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A Cup of Tea by Katherine Mansfield
Transcript of A Cup of Tea by Katherine Mansfield
About the Author
A New Zealand modernist writer of short fiction.
14th October 1888
Katherine Mansfield Beauchamp Murry.
Settled in United Kingdom
Passed away in 1923 at the age of 34
The Garden Party (1922) and Millie (1913)
Build up the suspense and reflects each character’s personalities.
In the shop, this section of the story coneys how vulnerable and insecure Rosemary is, and the shopkeeper realizes that.
Rosemary: hypocritical, shallow, class conscious and self absorbed
Philip adopts a cleverer approach by using Rosemary’s jealousy.
First published in 1922
Big scale: early 1900s.
Small scale: “one winter afternoon”.
Priscilla Yeo, Jeanette Chan and Anita Sang
Genre:traditional short story
Regent Street and Curzon Street
Further emphasizes Rosemary is extremely modern and rich.
Implies the existence of social disparity in London
“To-day it was a little box.”
Class conscious -
“I picked her up in Curzon Street. Really. She’s a real pickup. She asked me for the price of a cup of tea and I brought her home with me”
“And besides, she wanted to spare this poor little thing from being stared at by the servants; she decided as they mounted the stairs she would not even ring for Jeanne, but take off the things by herself.”
“There was something simple, sincere in that voice; it wasn’t in the least the voice of a beggar”
Poor,arouse readers' sympathy
“Would you let me have the price of a cup of tea?”
“You’re—you’re not taking me to the police station?”
“Don’t be frightened.”
“I daren’t, madam”
“you mustn't be frightened, you mustn’t, really” “Why are you afraid?”
Rosemary can afford to get exactly what she wants and she is very demanding of people below her status
People from lower class were willing to please her because of her wealth
General disregard for others in the lower classes
Clear social boundaries by class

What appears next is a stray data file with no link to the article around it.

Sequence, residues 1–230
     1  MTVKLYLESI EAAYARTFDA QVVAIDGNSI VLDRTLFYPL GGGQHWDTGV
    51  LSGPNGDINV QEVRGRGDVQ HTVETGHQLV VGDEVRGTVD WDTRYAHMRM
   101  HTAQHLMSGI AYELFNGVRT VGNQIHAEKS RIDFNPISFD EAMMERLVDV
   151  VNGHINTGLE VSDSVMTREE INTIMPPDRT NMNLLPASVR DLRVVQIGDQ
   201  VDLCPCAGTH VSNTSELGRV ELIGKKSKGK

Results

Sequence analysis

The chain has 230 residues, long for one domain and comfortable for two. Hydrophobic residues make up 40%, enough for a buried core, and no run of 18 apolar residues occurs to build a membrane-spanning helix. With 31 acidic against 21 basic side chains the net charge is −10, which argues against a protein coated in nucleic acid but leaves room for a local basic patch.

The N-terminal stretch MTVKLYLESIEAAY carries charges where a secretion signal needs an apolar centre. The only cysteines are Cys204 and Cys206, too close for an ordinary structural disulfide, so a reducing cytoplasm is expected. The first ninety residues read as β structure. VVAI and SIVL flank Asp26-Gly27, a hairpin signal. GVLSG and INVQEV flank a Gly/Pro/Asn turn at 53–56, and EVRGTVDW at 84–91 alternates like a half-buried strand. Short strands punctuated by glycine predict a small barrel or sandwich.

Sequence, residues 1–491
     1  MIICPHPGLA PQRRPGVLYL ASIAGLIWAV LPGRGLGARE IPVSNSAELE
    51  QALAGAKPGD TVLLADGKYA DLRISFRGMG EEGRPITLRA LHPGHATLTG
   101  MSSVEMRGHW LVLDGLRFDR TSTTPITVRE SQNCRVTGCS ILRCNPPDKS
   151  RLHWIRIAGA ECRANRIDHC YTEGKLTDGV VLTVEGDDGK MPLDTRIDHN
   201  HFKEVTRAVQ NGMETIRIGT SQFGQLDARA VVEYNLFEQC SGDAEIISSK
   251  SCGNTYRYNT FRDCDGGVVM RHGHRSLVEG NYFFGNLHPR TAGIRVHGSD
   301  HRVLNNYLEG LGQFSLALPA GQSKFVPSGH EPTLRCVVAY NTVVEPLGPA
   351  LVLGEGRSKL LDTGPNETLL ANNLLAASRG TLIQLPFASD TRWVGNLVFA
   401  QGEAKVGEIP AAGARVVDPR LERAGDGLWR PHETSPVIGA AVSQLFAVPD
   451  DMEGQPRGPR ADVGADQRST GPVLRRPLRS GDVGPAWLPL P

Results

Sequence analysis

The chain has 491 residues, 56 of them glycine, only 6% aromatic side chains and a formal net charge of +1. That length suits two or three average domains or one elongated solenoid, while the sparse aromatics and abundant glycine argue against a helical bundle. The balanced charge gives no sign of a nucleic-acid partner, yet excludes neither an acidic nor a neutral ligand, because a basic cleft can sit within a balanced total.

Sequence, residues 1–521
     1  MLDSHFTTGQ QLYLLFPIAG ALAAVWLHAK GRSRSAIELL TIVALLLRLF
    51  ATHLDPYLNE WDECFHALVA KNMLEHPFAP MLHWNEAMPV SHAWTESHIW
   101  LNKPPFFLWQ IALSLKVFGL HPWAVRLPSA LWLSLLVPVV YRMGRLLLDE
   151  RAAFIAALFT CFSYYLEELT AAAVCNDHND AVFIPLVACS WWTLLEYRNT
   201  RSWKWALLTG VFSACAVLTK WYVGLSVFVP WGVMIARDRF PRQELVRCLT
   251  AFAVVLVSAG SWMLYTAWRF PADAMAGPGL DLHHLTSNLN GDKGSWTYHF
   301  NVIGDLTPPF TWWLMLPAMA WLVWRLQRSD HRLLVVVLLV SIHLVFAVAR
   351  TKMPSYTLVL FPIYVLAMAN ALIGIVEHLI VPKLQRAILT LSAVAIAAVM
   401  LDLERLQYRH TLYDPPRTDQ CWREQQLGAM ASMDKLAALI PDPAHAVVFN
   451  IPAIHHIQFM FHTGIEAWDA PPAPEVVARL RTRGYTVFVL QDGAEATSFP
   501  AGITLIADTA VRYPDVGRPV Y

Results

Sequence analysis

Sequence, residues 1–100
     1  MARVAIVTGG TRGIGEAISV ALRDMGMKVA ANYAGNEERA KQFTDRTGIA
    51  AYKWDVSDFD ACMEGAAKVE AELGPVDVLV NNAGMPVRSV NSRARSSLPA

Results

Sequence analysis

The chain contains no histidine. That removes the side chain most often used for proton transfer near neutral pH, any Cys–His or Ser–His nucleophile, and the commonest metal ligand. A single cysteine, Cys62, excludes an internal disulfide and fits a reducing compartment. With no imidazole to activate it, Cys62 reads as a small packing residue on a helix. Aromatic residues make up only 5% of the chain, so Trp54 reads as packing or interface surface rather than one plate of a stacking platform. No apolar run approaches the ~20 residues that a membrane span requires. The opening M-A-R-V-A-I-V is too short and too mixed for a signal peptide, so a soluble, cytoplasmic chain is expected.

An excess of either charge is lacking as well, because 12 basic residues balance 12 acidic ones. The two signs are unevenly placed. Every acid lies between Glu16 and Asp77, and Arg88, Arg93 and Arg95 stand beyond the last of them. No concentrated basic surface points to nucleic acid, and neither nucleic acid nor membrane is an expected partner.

Not born out of her genuinely compassionate character.
A sudden urge to indulge in an adventure and so she could boast about it to her friends later.
Insecure about herself
Rosemary is a rather shallow person, views her status as an upper class woman quite highly, and living a life of materialism.
Women are considered as rational, weak, submissive and dependent.
Other short stories written by Katherine Mansfield
Insecurities of women
Weather and surroundings
"Rain was falling,and with the rain it seemed the dark came too, spinning down like ashes. There was a cold bitter taste in the air, and the new-lighted lamps looked sad. Sad were the lights in the houses opposite. Dimly they burned as if regretting something. And people hurried by,hidden under their hateful umbrellas."
"Warmth,softness,light, a sweet scent"
"The fire leaping on her wonderful lacquer furniture,her gold cushions and the primrose and blue rugs"
Rosemary’s internal thoughts and feelings
“It was like something out of a novel by Dostoevsky, this meeting in the dusk”
“Her heart beat like a heavy bell”
Portrayal of Miss Smith in Rosemary’s perspective
“She was like the rich little girl in her nursery with all the cupboards to open, all the boxes to unpack”
“She seemed to stagger like a child”,“bird-like” and “and shivered as though she had just come out of the water”
"Little Enamel Box"
corresponds directly with Rosemary and represents materialism.
echoes with the perfect image of Rosemary mentioned in previous paragraphs
No practical use.
Rosemary’s emptiness and her hypocrisy.
Names of Characters
Miss Smith: common name, ordinary,secret identity
“A cup of tea”
Recurring motif and the title of the short story
Personal satisfaction for both characters.
Literal imagery (five senses)
What do we think of Phillip’s attitude? Is it one of social importance or simply naivety?
What characteristics does the antique dealer show?
What would have happened if Rosemary had not hesitated in buying the box?
What are the implications of Rosemary's class consciousness?